Why Are Power Plants in India Less Efficient Than Power Plants in the United States?
- (pp. 586-90)
AbstractIndia's coal-fired generating capacity doubled between 1990 and 2010 and currently accounts for 70 percent of electricity produced. Despite this, thermal efficiency at state-owned coal-fired power plants in India is significantly lower than at plants in the United States. When matched on age and capacity, heat input per kWh was 8 percent higher at Indian plants between 1997 and 2009. This can only partly be explained by the lower heat content of Indian coal. Electricity sector restructuring in the United States improved thermal efficiency at investor-owned plants; however, electricity sector restructuring in India has yet to improve thermal efficiency at state-owned coal-fired power plants.
CitationChan, Hei Sing (Ron), Maureen L. Cropper, and Kabir Malik. 2014. "Why Are Power Plants in India Less Efficient Than Power Plants in the United States?" American Economic Review, 104 (5): 586-90. DOI: 10.1257/aer.104.5.586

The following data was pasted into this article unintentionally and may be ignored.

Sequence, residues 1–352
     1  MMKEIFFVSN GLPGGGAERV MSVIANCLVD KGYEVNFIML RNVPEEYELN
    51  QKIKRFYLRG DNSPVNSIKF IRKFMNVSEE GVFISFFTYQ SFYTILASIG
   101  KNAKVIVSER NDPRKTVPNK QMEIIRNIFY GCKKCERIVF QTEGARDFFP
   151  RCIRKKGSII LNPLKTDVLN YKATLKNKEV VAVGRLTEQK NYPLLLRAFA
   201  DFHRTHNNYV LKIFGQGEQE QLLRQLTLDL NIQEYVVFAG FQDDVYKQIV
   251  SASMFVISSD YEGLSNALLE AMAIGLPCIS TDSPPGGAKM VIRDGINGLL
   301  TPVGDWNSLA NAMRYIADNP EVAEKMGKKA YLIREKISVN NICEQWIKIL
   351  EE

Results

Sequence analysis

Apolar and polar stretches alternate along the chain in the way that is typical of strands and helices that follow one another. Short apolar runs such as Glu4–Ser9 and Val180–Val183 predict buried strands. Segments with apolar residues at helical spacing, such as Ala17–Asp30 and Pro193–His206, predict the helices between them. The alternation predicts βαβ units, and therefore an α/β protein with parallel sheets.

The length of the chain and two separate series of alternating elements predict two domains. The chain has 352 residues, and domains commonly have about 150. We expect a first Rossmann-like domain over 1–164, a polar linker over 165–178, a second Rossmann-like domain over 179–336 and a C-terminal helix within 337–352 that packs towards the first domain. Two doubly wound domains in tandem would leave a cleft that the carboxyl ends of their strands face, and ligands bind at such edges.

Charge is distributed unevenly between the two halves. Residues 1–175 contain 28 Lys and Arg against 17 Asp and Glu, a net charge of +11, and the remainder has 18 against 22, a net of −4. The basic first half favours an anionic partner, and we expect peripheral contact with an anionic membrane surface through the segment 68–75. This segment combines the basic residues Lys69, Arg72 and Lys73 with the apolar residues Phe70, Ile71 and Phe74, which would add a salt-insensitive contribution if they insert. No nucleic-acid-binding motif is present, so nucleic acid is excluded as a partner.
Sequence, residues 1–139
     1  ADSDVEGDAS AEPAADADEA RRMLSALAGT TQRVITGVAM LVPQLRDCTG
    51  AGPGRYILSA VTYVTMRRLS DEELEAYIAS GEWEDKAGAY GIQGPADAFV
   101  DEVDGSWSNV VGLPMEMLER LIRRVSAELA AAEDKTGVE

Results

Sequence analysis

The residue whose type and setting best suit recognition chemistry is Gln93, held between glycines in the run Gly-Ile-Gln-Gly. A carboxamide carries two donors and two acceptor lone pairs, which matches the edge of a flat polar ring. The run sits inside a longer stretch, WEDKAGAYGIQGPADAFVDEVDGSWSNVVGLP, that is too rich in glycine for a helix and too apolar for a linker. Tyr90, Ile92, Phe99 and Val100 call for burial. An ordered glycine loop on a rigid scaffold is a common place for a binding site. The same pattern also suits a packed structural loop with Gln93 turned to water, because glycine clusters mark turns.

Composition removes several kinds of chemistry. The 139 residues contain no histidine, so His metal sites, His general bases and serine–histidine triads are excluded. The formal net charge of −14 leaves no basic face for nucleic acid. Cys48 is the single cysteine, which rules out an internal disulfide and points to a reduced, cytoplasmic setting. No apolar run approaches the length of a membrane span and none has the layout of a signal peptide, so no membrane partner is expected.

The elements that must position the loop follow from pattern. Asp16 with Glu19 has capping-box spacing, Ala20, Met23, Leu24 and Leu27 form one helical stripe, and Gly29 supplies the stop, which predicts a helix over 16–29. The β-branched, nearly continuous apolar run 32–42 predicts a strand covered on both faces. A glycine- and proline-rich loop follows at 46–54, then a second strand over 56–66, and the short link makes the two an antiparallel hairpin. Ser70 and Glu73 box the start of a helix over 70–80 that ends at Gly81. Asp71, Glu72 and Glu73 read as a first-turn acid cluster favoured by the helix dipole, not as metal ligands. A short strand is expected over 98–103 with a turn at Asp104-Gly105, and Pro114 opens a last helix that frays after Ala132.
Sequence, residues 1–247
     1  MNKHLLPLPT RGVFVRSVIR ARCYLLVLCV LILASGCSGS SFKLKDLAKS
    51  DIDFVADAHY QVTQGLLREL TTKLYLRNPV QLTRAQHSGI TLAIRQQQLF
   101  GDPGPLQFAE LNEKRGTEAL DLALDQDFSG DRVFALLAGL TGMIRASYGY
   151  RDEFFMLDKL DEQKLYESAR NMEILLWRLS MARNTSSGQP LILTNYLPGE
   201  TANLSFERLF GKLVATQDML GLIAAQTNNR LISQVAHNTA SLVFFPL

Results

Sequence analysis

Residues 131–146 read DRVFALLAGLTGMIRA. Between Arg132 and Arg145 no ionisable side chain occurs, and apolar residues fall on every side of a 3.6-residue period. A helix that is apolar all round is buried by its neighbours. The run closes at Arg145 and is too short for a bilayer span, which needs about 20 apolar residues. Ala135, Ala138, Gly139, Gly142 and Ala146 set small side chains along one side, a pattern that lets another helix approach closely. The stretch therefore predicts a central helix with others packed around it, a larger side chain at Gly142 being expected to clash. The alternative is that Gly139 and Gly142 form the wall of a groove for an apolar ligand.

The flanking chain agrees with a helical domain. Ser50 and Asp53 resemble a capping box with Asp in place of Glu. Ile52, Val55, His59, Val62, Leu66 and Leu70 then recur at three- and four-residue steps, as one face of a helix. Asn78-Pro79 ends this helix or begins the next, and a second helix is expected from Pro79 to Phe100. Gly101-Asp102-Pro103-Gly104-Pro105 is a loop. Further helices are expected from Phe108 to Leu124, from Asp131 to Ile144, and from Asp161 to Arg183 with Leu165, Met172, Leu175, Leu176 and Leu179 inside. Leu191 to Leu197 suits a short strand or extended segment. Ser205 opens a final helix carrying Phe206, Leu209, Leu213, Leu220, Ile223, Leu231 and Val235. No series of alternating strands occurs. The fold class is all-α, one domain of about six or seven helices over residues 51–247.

- D24 Production; Cost; Capital; Capital, Total Factor, and Multifactor Productivity; Capacity
- L32 Public Enterprises; Public-Private Enterprises
- L94 Electric Utilities
- L98 Industry Studies: Utilities and Transportation: Government Policy
- O13 Economic Development: Agriculture; Natural Resources; Energy; Environment; Other Primary Products
- Q41 Energy: Demand and Supply; Prices
- Q48 Energy: Government Policy